The tax laws in the United States provide for several types of tax-exempt organizations, including charities, social welfare organizations, and business leagues.
In Private Letter Ruling 200709070 the IRS has brought attention to the requirements for organizations to qualify as a tax-exempt “business league.” The ruling denied tax-exempt status to a referral/leads group on the grounds that its activities did not improve the business conditions of one or more businesses, its primary activities consisted of providing services for particular persons, and it was engaged in a regular business of a kind ordinarily carried on for profit.
This ruling presents an opportunity to review the specific requirements for a business league to qualify for tax-exempt status, including the common business interest, membership organization, and not-for-profit requirements.
What is a Private Letter Ruling?
Before getting into the IRS’s decision, we first have to have a basic understanding of what an IRS private letter ruling is.
An IRS private letter ruling is a written statement issued by the IRS in response to a taxpayer’s request for guidance on a particular tax matter. It applies only to the specific taxpayer who requested it and the particular situation described in the ruling.
Private letter rulings are intended to provide clarity on how the tax laws and regulations apply to a specific set of facts or circumstances. They are not binding on the IRS or the courts, but they can be helpful in providing guidance to taxpayers who are unsure about how to apply the tax laws to their particular situation.
Private letter rulings are generally not made public, although redacted versions may be released to protect taxpayer confidentiality while providing guidance to other taxpayers facing similar issues. To obtain a private letter ruling, a taxpayer must submit a detailed request that includes a description of the relevant facts and circumstances, as well as a legal analysis of the tax issues involved. The IRS charges a fee for issuing a private letter ruling, and the process can take several months.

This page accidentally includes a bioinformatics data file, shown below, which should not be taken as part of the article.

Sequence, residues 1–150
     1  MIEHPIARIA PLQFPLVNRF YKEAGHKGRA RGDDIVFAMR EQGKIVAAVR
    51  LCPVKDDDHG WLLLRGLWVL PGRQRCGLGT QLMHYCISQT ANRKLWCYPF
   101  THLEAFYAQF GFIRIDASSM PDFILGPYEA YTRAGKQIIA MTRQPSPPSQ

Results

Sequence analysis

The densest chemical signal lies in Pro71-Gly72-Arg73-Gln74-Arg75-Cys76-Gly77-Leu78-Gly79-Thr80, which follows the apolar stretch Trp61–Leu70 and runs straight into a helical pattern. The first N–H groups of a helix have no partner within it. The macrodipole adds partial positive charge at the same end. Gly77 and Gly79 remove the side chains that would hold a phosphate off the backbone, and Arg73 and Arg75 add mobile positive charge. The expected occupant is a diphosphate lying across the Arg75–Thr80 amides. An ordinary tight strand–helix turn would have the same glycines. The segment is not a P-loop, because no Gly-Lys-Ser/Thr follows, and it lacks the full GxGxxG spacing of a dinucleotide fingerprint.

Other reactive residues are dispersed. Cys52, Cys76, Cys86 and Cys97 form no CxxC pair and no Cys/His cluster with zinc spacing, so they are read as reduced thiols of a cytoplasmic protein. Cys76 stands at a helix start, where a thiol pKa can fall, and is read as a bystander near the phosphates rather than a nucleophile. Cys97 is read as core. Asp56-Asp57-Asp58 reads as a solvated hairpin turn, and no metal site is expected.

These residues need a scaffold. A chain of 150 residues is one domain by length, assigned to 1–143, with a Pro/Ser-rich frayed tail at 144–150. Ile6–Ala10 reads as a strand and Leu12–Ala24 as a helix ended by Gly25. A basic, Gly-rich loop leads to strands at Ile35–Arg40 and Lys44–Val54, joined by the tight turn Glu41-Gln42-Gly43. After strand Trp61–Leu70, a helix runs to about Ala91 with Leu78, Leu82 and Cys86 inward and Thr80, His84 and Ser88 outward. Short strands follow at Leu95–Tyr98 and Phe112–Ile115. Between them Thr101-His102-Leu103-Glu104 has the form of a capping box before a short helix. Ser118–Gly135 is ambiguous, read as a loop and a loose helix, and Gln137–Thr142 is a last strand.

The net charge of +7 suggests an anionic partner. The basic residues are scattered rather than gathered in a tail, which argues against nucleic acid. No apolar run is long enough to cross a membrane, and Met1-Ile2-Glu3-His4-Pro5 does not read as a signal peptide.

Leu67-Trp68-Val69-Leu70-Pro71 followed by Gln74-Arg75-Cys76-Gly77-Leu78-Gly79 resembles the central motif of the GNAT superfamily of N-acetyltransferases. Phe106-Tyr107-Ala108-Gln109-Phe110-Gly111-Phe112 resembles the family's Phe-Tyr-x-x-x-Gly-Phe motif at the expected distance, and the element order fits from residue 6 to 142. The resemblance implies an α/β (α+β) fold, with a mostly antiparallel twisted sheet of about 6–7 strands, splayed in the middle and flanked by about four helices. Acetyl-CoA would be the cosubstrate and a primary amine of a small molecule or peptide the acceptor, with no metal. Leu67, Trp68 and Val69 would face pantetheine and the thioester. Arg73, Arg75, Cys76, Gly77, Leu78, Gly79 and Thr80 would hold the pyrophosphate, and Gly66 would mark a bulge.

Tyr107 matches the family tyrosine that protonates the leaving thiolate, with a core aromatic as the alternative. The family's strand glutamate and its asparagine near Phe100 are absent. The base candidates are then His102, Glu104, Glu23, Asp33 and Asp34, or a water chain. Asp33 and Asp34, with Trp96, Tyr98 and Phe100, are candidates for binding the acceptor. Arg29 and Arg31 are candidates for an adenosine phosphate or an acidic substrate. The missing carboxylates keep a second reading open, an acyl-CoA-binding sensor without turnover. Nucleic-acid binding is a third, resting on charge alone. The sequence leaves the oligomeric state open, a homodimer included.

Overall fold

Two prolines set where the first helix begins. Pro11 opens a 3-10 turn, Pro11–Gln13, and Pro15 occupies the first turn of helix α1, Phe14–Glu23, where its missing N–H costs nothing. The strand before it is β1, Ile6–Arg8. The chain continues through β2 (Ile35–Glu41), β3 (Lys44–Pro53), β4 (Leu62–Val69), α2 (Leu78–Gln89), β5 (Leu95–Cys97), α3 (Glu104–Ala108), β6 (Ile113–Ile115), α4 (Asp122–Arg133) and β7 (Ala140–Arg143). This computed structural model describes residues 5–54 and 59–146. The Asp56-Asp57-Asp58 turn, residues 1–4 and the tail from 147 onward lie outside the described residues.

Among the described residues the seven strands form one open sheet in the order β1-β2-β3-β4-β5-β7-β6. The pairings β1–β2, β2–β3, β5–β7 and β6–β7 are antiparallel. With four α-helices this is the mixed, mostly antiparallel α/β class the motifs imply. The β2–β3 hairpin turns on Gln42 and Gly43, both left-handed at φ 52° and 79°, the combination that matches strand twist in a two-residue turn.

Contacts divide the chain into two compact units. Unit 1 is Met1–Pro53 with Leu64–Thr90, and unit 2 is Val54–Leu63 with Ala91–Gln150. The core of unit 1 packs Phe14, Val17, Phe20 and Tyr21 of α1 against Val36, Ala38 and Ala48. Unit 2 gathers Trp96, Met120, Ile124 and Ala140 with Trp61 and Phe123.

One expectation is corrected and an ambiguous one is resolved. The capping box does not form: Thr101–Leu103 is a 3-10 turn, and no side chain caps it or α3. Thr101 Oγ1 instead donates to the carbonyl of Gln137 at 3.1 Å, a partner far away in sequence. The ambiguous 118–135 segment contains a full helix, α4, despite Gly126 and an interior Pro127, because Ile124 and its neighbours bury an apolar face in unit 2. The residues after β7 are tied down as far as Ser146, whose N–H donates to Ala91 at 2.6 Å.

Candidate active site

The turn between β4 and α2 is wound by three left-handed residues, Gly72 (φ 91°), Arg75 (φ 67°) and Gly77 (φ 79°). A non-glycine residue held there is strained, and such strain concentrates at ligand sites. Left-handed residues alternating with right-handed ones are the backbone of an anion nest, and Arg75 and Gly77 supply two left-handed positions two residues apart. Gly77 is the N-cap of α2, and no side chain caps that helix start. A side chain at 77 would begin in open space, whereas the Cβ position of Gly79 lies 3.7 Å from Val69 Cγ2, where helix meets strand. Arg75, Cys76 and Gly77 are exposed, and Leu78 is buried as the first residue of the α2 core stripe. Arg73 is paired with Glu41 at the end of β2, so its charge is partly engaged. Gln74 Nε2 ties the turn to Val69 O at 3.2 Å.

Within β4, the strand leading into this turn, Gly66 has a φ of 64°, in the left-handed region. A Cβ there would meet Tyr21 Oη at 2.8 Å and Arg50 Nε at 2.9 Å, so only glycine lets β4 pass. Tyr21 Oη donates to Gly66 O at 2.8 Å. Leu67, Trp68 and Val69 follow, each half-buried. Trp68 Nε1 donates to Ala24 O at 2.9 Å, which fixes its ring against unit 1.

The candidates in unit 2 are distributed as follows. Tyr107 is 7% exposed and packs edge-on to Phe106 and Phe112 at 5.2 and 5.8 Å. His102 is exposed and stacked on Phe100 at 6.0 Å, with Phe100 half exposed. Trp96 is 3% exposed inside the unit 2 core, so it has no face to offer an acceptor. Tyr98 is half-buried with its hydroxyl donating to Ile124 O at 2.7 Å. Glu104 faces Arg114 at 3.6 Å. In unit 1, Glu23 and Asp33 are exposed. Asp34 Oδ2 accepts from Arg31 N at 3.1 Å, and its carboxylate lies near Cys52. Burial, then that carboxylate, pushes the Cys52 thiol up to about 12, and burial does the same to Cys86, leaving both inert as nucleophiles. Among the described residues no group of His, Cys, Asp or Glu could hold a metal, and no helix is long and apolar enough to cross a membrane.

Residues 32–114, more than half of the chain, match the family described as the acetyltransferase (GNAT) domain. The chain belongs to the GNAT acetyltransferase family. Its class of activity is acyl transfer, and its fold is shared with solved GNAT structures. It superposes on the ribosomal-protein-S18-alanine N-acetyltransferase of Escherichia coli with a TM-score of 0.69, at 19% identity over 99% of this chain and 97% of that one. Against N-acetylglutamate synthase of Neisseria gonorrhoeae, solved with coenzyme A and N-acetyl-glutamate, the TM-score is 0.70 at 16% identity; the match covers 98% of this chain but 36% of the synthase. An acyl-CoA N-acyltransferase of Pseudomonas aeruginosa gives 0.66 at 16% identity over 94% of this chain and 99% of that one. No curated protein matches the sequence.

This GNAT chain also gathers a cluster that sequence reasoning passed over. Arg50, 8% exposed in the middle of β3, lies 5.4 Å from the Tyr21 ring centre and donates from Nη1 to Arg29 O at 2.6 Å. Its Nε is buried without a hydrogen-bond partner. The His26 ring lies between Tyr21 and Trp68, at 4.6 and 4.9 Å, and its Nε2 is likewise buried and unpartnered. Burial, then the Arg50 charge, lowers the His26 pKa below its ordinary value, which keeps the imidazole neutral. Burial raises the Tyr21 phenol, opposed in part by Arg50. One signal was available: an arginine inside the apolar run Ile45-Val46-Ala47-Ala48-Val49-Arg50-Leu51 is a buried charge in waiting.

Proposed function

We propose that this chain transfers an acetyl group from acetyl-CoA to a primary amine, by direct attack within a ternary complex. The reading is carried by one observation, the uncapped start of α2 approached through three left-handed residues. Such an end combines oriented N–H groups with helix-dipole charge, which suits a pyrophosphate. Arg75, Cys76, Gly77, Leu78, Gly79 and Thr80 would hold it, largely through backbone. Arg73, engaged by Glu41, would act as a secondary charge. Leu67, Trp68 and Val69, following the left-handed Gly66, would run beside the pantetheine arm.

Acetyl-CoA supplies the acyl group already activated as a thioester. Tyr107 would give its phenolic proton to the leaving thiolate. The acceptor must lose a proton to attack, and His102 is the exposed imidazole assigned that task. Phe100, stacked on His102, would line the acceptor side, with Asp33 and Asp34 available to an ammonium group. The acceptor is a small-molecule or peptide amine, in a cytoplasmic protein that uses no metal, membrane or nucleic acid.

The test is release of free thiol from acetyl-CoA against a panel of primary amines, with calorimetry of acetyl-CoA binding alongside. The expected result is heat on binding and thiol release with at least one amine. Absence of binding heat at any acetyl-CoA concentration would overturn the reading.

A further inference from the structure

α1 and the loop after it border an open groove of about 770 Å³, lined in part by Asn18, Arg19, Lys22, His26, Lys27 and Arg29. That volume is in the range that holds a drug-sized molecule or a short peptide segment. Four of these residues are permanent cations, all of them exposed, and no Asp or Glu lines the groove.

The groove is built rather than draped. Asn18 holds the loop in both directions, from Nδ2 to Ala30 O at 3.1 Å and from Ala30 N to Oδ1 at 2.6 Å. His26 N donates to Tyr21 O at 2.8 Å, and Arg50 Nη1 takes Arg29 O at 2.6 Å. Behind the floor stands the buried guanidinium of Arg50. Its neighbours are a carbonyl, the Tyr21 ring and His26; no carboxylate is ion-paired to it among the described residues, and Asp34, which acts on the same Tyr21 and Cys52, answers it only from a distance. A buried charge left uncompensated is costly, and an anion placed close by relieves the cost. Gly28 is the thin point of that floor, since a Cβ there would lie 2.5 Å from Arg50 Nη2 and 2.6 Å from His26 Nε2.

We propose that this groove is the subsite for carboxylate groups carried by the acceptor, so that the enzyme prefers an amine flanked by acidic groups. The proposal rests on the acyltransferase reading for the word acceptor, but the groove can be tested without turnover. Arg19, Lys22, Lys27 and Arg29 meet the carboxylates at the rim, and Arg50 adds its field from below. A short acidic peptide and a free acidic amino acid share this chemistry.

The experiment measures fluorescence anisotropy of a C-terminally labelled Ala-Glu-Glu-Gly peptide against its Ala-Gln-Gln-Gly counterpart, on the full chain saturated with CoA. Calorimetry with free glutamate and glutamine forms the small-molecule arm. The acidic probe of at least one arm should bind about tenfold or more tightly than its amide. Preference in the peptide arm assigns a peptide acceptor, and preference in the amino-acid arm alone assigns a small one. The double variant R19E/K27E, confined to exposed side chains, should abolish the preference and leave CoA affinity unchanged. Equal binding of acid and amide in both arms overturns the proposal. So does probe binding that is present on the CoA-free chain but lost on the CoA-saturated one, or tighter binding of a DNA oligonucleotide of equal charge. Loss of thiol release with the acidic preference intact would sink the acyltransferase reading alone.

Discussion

What is a Tax Exempt Business League?
We also need to have an understanding of what a business league is.
A “business league” is an association of persons having a common business interest, whose purpose is to promote the common business interest and not to engage in a regular business of a kind ordinarily carried on for profit. Its activities are directed to the improvement of business conditions of one or more lines of business rather than the performance of particular services for individual persons.
The Treasury Regulations set out the following specific requirements for business leagues:
- It must be an association of persons having some common business interest and its purpose must be to promote this common business interest;
- It must be a membership organization and have a meaningful extent of membership support;
- It must not be organized for profit;
- No part of its net earnings may inure to the benefit of any private shareholder or individual;
- Its activities must be directed to the improvement of business conditions of one or more lines of business as distinguished from the performance of particular services for individual persons;
- Its primary activity does not consist of performing particular services for individual persons; and
- Its purpose must not be to engage in a regular business of a kind ordinarily carried on for profit, even if the business is operated on a cooperative basis or produces only sufficient income to be self-sustaining.
Each factor has to be considered.
Referral Group is not a Business League
According to the IRS, this referral group did not qualify as a “business league” because its activities did not improve the business conditions of one or more businesses, its primary activities consisted of providing services for particular persons, and it was engaged in a regular business of a kind ordinarily carried on for profit.
The IRS focused on the following facets of this referral/leads group: it restricted its membership to individuals or firms in a different trade, businesses, or occupations who do not compete with each other; its primary purpose was to provide exclusive listings (or referrals/leads) to its members, and the group did not do anything to help business conditions outside of helping their own businesses.
Other Options Might Work
So what could the referral/leads group have done differently that might have qualified it for not-for-profit status?
Perhaps it could have segregated its activities into for-profit and not-for-profit activities and operated two separate business enterprises for each activity. Perhaps it could have promoted business ethics to members or required its members to promote business ethics outside of the group in an effort to help business conditions outside of helping individual member businesses. Perhaps it could open multiple chapters so that members from competing trades or businesses could participate while still maintaining the integrity of the referral/leads group.
This is an example of why advanced tax planning can come in handy.